One of the problems is that some companies offer more attractive prices, without an honest assessment of possible additional expenses: extra IVF cycles, medicines, payments to private medical facilities, etc. As for “all-inclusive” contracts, clients always pay a fixed sum, and after that the company is responsible for all payments. Through experience, and positive client feedback, we understand the importance of “all-inclusive” contracts.
 
4. Who can become a surrogate mother in Russia?
According to the requirements of the Russian Federation Ministry of Health, a surrogate must be a woman between 20 and 35 years old, who already has at least one healthy child of her own. She should definitely pass a number of medical tests and provide papers testifying that she is healthy both mentally and physically, and is in an ideal condition in terms of her reproductive health. By the way, one more reason to deal only with a big reputable company is because, at times, intermediaries offer medically unapproved potential surrogate mothers, whereas a big company will never risk its reputation by doing so. Also, our clients can choose a future surrogate mother from several candidates – despite the fact that a surrogate mother’s genetics has nothing to do with the genetics of the future baby – because future parents usually choose a surrogate mother by her looks, the phenotype.
5. What is the situation with egg donors in Russia? Is it legal? Where are the egg donors recruited from?
Oocyte and sperm donation is permitted in Russia. It is anonymous under the Russian legislation – if it is not a close relative donation. All donors pass multiple medical tests in accordance with very strict requirements of the Russian Federation Ministry of Health. An adult photo of the potential donor is shown to potential parents – and that is not considered a violation of the anonymity regulation. Selection is also made alongside certain phenotypic features (eyes and hair color, face, lips, nose shape, etc.). Information on donors that can be granted to intended parents includes, but is not limited to: detailed description of physical traits, detailed information about children and past pregnancies, Karyotype, certain personal information (such as hobbies), information about education and career, personal genetic history and family genetic history. By the way, our company owns one of the largest banks of genetic materials in Eastern Europe.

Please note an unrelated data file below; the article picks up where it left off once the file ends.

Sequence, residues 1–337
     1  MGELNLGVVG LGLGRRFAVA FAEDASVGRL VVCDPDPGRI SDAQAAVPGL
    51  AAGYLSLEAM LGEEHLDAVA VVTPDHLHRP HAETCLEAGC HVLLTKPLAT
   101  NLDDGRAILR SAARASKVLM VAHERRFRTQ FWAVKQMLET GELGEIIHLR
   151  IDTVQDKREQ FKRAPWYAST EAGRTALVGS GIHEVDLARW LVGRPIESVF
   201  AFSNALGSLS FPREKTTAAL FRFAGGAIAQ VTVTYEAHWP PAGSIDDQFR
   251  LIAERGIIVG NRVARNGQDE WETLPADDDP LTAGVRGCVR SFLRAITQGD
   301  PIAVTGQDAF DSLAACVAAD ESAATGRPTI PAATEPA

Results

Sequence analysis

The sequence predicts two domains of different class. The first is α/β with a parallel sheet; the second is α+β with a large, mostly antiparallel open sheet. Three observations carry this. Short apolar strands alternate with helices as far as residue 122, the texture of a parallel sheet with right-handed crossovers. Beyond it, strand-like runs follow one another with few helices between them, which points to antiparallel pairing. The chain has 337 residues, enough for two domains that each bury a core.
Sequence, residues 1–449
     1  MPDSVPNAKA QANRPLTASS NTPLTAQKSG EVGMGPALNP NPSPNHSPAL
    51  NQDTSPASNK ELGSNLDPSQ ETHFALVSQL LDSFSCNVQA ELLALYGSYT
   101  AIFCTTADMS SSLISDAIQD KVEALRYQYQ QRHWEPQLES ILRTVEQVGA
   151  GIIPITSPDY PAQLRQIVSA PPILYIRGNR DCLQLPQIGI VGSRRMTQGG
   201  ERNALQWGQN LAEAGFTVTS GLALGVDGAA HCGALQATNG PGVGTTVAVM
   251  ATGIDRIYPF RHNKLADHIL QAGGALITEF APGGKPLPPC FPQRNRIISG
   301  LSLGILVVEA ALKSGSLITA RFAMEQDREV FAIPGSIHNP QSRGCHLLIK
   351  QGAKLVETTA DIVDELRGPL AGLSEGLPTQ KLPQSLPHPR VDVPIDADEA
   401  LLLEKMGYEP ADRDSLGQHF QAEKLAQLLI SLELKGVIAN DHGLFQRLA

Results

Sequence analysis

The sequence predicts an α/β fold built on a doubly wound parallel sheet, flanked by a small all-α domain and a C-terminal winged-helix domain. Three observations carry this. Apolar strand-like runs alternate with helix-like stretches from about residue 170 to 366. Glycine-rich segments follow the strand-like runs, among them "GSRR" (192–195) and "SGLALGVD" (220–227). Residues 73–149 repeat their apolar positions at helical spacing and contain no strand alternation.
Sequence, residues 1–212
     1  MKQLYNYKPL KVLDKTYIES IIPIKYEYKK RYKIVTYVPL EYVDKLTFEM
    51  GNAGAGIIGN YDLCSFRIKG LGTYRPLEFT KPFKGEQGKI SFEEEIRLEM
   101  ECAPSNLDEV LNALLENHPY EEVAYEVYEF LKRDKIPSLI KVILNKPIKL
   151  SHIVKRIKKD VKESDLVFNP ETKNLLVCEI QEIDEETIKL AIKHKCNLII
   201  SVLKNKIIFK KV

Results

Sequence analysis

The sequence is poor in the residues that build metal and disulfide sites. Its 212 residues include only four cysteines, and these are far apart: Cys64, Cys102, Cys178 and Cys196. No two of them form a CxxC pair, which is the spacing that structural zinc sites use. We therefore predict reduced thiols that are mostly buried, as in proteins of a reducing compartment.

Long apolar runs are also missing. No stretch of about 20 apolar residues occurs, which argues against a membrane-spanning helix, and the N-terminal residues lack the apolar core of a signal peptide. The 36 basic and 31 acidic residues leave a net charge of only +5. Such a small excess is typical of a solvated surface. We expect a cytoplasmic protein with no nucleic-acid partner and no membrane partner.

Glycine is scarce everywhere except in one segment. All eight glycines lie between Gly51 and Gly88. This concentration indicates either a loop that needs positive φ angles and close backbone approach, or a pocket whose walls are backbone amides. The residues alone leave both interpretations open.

6. Could a surrogate mother simultaneously act as a donor of genetic material, i.e., be a traditional surrogate?
No, she could not. It is prohibited in the Russian legislation, unless your surrogate is a closely related relative. Therefore, you can be sure that a surrogate mother will not be genetically related to your child.
7. How often must the Intended Parents be in Russia and for how long?
Through our program, potential parents have to visit Russia twice. The first visit is for contract signing and sperm and oocytes donation, or choosing the genetic material donor. The second visit is for the official registration of the baby and taking the baby home. All other aspects can be discussed and solved long distance – by telephone, e-mail, Skype, etc. We can fully monitor all issues connected with the surrogate mother’s fulfillment of her responsibilities, providing her with necessary medical support, etc. Of course, if the intended parents are interested, they are welcome to visit throughout the pregnancy. This is entirely up to the intended parents, and usually depends on finances.  Travel costs are not included in our standard contract, although we do offer organizational support, such as hotel accommodation, traveling, ect.
8. What can you say to those who’ve decide to travel to Russia for their surrogacy journey? How does the infertility community in Russia feel about working with international clients?
You are welcome in Russia – we will be glad to serve you here! We work with you and explore all reproductive avenues until you have a baby to bring home- we guarantee it.